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Michigan Tech researchers are turning plastic waste into food for the U.S. military

Cheese spread that looks more like peanut butter, from a Meal Ready to Eat (MRE), is inspected at an undisclosed location in Southwest Asia. According to public health, MREs expire about three years after their pack date, but by inspecting them at that three-year point, their shelf life can be extended. MREs that pass the inspection are deemed safe to eat and are inspected again in six month increments for up to two years past the three-year expiration date. (U.S. Air Force photo by Master Sgt. Marelise Wood)
October 25, 2022

It’s edible, the stuff being produced in Stephen Techtmann’s lab. Or it’s meant to be.

It doesn’t smell bad, he said, a bit like a yeast extract or the Australian food spread Vegemite.

But he hasn’t tasted it. First, he wants to know it’s safe, free from anything that might be toxic. It is, after all, made from plastic.

Techtmann, a microbiologist at Michigan Technological University, and collaborators from Michigan Tech and the University of Illinois, are in the midst of a project that seems half-miraculous: turning plastic waste into edible protein.

“It does kind of seem sci fi to be able to say that we’re going to convert plastic into something that you can eat,” Techtmann said.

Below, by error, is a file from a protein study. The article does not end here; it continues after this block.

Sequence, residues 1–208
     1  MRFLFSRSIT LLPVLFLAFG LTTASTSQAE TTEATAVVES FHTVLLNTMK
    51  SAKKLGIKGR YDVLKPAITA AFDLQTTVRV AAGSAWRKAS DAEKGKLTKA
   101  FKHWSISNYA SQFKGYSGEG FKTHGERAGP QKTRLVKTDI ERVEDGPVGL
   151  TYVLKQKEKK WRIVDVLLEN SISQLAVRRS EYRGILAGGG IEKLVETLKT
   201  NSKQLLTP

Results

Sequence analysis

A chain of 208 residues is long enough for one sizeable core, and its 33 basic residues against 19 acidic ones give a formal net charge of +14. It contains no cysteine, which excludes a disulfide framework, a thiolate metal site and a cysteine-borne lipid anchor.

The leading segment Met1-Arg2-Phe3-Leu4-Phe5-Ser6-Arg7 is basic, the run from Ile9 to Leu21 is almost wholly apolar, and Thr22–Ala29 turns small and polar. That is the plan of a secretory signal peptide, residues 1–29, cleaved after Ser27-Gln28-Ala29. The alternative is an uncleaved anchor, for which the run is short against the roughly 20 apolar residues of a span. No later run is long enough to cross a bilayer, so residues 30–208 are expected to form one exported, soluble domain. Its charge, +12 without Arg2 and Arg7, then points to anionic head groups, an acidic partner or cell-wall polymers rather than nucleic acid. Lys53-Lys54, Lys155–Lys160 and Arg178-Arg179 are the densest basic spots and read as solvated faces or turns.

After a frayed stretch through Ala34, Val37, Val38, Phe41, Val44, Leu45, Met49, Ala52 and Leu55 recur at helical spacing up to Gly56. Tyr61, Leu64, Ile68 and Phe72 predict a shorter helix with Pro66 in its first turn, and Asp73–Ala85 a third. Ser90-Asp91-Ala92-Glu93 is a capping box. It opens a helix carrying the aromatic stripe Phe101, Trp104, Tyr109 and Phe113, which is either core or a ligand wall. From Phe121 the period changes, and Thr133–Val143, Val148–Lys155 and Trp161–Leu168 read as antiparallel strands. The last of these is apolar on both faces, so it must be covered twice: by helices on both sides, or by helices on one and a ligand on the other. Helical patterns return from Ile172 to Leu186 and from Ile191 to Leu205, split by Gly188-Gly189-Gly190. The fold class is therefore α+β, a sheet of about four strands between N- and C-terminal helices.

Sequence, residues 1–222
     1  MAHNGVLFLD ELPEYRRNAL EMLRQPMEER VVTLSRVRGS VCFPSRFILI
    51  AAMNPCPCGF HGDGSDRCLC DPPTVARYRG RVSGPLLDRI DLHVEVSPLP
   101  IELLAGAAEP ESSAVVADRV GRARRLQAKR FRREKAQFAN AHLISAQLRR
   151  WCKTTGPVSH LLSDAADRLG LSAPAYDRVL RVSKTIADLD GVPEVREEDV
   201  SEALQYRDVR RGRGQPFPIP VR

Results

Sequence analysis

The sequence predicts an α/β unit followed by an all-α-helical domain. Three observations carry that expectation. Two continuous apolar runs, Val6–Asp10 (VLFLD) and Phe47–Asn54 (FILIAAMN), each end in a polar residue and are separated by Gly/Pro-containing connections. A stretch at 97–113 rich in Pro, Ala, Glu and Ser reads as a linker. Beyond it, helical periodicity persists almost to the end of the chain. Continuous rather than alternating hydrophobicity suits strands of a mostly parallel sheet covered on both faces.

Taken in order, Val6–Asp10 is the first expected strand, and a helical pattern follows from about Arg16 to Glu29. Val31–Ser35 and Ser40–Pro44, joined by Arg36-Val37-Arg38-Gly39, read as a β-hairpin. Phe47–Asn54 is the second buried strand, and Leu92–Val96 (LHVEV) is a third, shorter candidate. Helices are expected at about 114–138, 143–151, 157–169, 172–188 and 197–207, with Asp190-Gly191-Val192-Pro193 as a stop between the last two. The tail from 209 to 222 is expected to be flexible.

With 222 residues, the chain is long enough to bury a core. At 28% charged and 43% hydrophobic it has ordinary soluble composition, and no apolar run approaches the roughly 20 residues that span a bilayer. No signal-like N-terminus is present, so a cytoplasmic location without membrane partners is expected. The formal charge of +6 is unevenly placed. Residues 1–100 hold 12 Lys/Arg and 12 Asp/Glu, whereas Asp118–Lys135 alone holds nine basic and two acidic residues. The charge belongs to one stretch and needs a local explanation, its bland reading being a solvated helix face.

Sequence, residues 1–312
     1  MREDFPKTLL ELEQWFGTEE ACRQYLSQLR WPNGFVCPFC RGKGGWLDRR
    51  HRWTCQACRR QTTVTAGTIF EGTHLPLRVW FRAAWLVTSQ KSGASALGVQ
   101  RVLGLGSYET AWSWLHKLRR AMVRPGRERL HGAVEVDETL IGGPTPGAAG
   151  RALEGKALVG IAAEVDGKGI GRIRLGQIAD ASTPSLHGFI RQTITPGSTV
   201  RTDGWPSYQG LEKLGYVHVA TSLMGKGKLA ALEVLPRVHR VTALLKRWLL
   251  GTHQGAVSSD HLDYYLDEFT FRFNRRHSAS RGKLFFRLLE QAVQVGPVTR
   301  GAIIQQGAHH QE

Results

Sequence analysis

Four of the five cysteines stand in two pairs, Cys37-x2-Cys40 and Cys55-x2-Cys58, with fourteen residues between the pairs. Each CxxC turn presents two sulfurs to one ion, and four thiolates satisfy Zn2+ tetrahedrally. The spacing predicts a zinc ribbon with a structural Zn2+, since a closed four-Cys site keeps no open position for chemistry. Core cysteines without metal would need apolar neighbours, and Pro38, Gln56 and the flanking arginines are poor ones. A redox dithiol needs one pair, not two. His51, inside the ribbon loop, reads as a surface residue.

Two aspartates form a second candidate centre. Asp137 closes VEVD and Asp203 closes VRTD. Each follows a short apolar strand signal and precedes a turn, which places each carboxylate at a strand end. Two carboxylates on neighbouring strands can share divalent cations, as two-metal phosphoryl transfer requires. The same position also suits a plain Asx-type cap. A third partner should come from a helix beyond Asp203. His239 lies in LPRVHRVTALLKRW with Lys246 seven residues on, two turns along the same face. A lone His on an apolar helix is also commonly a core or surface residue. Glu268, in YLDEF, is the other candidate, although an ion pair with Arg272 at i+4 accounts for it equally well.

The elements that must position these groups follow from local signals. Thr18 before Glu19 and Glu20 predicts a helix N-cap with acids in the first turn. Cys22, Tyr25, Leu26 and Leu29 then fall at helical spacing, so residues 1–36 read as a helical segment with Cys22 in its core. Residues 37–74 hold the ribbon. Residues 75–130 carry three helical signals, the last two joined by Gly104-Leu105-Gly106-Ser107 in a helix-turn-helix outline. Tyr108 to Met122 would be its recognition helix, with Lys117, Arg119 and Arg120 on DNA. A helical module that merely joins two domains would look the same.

The secret ingredient is microbes that can feed on plastic’s component parts, including a substance that resembles synthetic crude oil.

“We would never want to feed plastic to people,” Techtmann said, “but we can use microorganisms to produce biomass or proteins using plastic as an input. And so what we’re trying to do with this is to take plastic, break it down, feed it to microorganisms and then recover those microbial cells as a food product.”

The organization interested in the technology is the U.S military. Most of the funding, some $7.2 million, comes from the Defense Advanced Research Projects Agency, better known as DARPA, whose past endeavors are at least partly responsible for the existence of the Internet, GPS technology, self-driving cars and, on a less victorious note, the chemical defoliant Agent Orange.

Microbes are Techtmann’s specialty. Five years ago, he received a DARPA Young Faculty Award for devising a way to track the past movements of ships based on the microbes found in their bilge water (different ports around the world have different microbial signatures.)

But it was his work on oil spills, begun in 2010 after the Deepwater Horizon spill in the Gulf of Mexico, that laid the groundwork for the plastics project.

“What we were doing there was trying to be proactive and really check to see if there are bacteria in different places around the ocean that we can use to help clean up potential oil spills,” he said.

After he arrived at Michigan Tech in 2015, he started doing similar work in the Great Lakes “because of the issues surrounding Line 5 and some of the concerns about a potential spill there.”

But he began wonder if there was a more proactive approach, a way of preventing environmental damage rather than responding to it.

Then, in the fall of 2019, DARPA put out a solicitation for project proposals.